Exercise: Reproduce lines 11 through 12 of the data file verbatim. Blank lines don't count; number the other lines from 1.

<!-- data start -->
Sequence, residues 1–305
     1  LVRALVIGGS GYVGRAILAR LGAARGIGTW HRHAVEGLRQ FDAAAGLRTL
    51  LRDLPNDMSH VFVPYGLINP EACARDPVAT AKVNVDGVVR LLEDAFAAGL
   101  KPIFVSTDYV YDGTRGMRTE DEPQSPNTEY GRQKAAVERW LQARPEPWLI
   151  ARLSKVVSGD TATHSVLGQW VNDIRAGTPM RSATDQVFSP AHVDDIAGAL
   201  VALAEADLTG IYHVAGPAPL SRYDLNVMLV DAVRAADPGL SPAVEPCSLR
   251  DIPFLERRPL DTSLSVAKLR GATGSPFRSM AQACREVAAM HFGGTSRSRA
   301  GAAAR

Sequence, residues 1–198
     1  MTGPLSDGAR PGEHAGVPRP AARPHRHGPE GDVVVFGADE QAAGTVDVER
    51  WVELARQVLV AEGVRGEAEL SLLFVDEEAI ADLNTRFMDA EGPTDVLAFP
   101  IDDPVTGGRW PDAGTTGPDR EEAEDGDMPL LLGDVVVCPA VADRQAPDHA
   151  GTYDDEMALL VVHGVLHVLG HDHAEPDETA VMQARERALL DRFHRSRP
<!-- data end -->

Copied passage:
    51  WVELARQVLV AEGVRGEAEL SLLFVDEEAI ADLNTRFMDA EGPTDVLAFP
   101  IDDPVTGGRW PDAGTTGPDR EEAEDGDMPL LLGDVVVCPA VADRQAPDHA